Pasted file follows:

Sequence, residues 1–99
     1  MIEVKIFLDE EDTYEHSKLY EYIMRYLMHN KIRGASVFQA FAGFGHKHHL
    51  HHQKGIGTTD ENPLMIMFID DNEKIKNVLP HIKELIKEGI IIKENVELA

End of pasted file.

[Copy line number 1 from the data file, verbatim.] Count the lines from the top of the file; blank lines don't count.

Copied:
Sequence, residues 1–99